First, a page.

The challenge: use one tank of gasoline per month. Excessive travel to require an alternative solution,  polite declination, or global alteration.

12 November 2014

Welcome to Roosevelt

It’s time to tell a tale about how Nate landed in a very specific community within the megalopolis. In the weeks leading up to the move to Phoenix, Nate had traveled up north from Tucson several times to explore housing options.  He was melting away in the August summer sun as the move became more imminent each day. Walking around with little energy to spare, Nate was ready to give up. After several seeming promising options fell through and all the rest were uninspiring at best, Nate was ready to settle. However, he kept recalling the idea not to let good compete with great. If these kept falling through, God must have a reason.

It wasn't an easy concept to live by. Walking confidently into the unknown while trying to reconcile a basic need such as shelter does not yield peace by the world’s standards. Nate begrudgingly came to the conclusion one Monday night before community group that if he was going to make it through this situation ulcer-free, the answer was not going to come from where he was looking. In what should have been option one, but was now a last ditch effort, he gave it to God.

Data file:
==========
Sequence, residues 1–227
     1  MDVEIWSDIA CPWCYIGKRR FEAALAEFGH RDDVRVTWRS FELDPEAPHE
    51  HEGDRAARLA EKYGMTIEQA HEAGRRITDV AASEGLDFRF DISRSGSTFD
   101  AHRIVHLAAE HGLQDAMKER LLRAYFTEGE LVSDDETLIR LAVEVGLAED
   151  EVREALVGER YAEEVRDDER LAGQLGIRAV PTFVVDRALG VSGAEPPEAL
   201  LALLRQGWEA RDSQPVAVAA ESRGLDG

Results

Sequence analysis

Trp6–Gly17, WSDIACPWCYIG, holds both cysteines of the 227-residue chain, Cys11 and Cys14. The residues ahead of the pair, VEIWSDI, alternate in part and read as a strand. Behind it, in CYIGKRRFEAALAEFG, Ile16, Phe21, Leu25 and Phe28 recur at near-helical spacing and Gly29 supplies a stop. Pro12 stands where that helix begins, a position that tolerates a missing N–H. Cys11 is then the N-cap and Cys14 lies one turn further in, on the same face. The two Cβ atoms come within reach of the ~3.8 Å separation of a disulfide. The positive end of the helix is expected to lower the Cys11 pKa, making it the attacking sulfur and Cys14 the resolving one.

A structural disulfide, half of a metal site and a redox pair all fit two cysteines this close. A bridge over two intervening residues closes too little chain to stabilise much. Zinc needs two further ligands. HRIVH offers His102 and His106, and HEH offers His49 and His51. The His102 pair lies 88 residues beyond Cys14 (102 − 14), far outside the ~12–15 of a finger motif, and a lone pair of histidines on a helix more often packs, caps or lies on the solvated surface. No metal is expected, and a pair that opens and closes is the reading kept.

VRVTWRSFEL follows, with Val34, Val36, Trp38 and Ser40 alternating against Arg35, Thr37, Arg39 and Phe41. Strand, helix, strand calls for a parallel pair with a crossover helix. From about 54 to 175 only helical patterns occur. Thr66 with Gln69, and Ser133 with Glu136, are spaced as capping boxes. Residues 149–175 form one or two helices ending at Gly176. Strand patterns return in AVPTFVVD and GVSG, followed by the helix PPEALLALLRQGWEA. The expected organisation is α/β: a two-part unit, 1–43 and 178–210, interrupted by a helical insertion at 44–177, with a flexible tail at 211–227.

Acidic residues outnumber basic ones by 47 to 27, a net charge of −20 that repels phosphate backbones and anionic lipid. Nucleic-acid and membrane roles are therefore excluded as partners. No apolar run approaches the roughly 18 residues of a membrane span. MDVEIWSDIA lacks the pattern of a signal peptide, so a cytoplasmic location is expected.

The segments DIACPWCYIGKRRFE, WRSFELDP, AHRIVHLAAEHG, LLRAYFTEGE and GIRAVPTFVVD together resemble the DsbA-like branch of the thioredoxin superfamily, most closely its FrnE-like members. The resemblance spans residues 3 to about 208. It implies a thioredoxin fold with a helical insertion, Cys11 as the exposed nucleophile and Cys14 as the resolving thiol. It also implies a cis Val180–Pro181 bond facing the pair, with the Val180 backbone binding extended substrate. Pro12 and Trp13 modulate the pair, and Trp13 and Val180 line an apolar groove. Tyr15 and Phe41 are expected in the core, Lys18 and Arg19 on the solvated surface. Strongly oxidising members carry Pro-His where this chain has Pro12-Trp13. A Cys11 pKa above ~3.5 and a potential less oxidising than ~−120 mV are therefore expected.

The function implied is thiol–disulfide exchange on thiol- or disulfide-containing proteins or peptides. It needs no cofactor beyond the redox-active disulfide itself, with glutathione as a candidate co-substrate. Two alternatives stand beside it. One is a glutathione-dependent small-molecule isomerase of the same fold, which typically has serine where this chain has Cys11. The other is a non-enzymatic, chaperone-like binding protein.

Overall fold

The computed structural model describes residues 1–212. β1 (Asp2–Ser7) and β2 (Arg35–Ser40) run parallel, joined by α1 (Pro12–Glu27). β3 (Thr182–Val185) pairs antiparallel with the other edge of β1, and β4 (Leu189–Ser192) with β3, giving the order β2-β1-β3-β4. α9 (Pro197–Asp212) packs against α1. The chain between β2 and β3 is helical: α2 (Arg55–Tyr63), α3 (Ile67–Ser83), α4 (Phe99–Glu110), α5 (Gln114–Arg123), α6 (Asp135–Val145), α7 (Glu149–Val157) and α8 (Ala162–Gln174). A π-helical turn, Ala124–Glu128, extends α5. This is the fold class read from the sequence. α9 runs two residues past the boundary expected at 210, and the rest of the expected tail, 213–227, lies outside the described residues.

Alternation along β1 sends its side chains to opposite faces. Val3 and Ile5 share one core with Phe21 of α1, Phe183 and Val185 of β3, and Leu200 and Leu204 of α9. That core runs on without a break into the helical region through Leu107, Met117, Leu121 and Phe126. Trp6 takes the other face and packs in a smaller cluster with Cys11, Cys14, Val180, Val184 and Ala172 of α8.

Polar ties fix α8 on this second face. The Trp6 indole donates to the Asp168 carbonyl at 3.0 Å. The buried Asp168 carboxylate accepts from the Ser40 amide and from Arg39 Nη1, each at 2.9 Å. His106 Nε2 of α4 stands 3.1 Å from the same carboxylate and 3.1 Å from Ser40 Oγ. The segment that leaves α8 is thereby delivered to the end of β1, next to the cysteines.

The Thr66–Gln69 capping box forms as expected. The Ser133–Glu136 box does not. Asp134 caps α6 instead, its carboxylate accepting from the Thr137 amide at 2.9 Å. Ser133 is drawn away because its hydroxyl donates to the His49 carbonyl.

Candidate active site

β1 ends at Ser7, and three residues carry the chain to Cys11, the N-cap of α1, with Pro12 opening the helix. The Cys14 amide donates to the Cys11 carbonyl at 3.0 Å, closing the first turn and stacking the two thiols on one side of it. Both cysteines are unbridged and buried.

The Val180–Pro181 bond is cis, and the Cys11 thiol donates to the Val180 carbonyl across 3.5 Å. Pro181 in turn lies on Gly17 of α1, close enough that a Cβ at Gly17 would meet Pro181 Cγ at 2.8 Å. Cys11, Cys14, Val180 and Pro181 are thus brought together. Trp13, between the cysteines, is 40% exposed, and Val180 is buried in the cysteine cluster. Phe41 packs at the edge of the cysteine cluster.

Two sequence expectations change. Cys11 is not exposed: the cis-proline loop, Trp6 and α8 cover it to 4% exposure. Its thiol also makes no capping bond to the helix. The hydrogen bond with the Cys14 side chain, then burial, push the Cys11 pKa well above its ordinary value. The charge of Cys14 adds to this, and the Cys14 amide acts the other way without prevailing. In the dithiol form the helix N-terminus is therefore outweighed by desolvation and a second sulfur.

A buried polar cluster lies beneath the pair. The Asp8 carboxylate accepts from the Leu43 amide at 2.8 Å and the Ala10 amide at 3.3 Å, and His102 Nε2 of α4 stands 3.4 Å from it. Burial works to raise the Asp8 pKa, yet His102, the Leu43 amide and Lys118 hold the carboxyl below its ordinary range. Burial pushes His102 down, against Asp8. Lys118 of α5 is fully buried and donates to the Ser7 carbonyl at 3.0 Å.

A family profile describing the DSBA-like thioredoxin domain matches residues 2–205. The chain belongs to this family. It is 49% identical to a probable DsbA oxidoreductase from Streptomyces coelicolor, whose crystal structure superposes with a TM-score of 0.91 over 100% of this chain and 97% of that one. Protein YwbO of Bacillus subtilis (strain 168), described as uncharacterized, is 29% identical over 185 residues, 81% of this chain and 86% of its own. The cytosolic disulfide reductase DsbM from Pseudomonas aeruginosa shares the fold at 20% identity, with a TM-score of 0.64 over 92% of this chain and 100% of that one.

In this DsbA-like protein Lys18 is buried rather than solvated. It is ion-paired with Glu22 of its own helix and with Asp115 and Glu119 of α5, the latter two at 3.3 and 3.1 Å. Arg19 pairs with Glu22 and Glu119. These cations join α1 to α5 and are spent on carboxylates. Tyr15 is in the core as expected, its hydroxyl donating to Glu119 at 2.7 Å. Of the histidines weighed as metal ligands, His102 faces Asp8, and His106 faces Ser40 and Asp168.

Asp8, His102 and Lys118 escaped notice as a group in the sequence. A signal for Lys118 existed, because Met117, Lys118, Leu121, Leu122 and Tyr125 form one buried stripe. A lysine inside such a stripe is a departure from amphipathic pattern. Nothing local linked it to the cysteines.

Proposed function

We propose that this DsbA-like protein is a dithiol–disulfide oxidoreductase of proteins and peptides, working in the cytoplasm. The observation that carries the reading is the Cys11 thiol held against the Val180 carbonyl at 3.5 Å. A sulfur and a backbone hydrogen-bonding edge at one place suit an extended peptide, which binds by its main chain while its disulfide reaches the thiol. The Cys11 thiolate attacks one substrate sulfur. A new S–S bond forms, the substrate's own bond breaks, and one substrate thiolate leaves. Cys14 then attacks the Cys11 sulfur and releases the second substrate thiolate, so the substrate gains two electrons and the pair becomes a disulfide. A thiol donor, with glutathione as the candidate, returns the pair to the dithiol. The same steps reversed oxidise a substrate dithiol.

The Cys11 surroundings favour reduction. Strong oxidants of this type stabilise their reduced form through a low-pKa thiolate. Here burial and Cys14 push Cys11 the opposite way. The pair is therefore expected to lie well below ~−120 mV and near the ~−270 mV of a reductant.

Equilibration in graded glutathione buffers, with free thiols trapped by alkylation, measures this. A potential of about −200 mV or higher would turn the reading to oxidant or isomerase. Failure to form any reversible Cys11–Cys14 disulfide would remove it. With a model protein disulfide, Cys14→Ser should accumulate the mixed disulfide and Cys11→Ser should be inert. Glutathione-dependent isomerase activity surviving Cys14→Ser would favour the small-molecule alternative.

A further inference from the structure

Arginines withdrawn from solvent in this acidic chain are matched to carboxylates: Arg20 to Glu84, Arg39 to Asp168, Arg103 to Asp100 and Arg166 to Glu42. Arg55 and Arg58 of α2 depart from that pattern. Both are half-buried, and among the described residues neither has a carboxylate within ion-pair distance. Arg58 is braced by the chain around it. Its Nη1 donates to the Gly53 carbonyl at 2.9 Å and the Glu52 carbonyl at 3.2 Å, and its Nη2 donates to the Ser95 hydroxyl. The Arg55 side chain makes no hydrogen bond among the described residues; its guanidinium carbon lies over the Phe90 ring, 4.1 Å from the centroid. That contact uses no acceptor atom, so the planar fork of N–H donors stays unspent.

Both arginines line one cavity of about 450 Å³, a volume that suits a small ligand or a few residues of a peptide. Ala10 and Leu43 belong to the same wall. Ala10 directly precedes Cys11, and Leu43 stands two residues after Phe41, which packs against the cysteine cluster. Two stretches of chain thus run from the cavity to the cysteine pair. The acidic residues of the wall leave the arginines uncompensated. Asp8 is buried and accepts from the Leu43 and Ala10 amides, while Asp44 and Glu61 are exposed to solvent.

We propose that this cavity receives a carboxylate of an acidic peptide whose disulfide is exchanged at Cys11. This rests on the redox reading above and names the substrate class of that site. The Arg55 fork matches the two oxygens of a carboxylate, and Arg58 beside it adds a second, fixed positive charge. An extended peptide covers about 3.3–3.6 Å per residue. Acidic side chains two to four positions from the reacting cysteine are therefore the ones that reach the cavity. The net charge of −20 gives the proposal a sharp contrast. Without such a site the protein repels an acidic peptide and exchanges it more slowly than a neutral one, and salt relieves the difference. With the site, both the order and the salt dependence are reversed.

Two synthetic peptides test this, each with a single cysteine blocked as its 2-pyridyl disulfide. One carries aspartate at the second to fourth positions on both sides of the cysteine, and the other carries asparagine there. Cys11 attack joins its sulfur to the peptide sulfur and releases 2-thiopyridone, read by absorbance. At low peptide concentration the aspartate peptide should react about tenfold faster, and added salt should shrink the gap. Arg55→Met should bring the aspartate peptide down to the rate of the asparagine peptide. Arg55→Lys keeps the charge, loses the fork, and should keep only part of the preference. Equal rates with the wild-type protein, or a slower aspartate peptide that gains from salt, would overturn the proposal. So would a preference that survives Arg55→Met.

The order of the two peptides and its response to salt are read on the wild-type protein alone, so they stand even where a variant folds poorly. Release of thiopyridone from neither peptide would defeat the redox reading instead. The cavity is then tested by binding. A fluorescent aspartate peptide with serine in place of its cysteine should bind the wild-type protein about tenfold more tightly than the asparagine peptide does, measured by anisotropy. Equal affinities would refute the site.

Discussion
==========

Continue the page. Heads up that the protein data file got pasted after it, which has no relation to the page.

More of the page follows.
Not half an hour later, Nate found an ad on Craigslist that caught his attention. It had just enough information to not write it off as a total dive, and the potential to be amazing. Immediately he emailed, then called, not wanting the opportunity to pass by like so many others. On the drive to home group ten minutes later, a return call came in. A meeting was now arranged to meet the following Wednesday. Fortunately, God had already released me from work that day. He knew what was going on.

Wednesday was slated to be the biggest storm in Southern Arizona history. People were gathering sandbags. Schools closed. Reporters warned you to stay off the roads, especially the interstate to Phoenix. Would Nate make it, or would he miss the opportunity and have to start from square one?